Google unveiled is fabled Pixel Chromebook today, and the thing does indeed have what looks to be a gorgeous, high-resolution display. It also has a touchscreen, as rumored, and the list gets more confusing from there. 32GB (or 64GB) of onboard storage? ChromeOS? A 3:2 screen ratio? A $1299 starting price tag? Huh?
The device is meant to be upscale, Google admits, but for a machine aiming at power users, it’s a device surprisingly devoid of power features. ChromeOS is, for all its strengths, still essentially a browser, after all. This thing can’t run Photoshop, which you’d be able to do no problem if you spend $100 less and get a 13-inch MacBook Air. It can play back movies on that gorgeous screen, but not in as many file formats or with as much ease as you could manage with a Lenovo Yoga 13, also cheaper at $1,049. It can accept touch input, which could be exciting, but then again might not, and that’s hardly a feature worth risking a cool $1300 for.
Which isn’t to say the Pixel isn’t attractive. It’s a looker, to be sure, and something I’d definitely be interested in owning myself. The 1TB of Google Drive storage and the LTE radio on the $1449 model make for an attractive package, so long as you’re already deeply committed to Google’s cloud storage ecosystem. But a gadget blogger wanting something and an everyday consumer being willing to cough up over $1,000 for it are two entirely different things, and the Pixel has too many of those moments that make you tilt your head slightly to provide any chance at success in that regard.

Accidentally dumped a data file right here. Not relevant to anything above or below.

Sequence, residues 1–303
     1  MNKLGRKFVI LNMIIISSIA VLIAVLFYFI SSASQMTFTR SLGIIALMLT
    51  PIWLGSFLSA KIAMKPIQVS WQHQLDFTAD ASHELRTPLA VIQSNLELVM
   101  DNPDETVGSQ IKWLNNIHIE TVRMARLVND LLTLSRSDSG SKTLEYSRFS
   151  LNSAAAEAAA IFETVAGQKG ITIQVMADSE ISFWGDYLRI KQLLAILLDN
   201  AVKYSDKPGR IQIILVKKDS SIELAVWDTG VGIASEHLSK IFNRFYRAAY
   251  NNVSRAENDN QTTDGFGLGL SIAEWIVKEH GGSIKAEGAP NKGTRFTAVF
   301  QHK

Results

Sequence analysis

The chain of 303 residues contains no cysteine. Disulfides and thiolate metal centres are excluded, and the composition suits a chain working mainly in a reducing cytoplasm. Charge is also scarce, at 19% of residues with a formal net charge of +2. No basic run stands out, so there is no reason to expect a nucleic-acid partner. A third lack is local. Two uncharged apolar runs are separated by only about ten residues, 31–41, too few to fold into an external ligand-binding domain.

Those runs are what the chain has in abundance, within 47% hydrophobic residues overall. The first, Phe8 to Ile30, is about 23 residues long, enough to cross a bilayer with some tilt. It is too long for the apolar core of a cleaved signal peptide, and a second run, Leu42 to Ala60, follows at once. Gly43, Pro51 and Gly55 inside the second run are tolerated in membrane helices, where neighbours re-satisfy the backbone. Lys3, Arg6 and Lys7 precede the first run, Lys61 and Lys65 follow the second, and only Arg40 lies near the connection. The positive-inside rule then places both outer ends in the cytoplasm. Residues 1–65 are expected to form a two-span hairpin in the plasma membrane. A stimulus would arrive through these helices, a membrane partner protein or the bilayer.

ChromeOS is a risky proposition on a $249 laptop for most people. It’s still just too new, and too untested in a world where you’ll attract far fewer headaches just going with OS X or Windows. With a price tag that makes it almost an impulse buy, it’s an understandable risk. At $1299, it’s not.
Google doesn’t always care about marketability for its first generation devices. It originally tried to sell the Nexus One direct for $529, a price many felt was too high, contributing to the eventual failure of that experiment. The Pixel is also introduced as “a laptop that brings together the best in hardware, software, and design to inspire future innovation” on Google’s website, meaning it probably isn’t intended to fly off the shelves, but more to light a fire under hardware partners and developers.
Still, announcing a consumer launch (including a retail partnership with Best Buy) for the Chromebook Pixel (a device that looks like the notebook world’s equivalent of a hastily assembled Lego project built from memory) just comes off as weird. I once lauded Google’s strategy in going for cheap, ubiquitous data network access with previous hardware launches, and I’m all for technical innovation that explores new territory. But I see no answer to the question of “Why?” when it comes to the Pixel.